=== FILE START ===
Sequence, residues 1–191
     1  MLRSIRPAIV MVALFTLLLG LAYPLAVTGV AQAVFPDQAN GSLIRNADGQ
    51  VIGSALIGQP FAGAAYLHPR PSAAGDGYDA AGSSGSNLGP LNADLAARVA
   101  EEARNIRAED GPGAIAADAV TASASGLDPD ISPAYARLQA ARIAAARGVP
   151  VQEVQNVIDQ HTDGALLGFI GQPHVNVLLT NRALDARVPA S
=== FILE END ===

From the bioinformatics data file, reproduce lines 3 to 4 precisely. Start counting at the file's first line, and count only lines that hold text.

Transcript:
    51  VIGSALIGQP FAGAAYLHPR PSAAGDGYDA AGSSGSNLGP LNADLAARVA
   101  EEARNIRAED GPGAIAADAV TASASGLDPD ISPAYARLQA ARIAAARGVP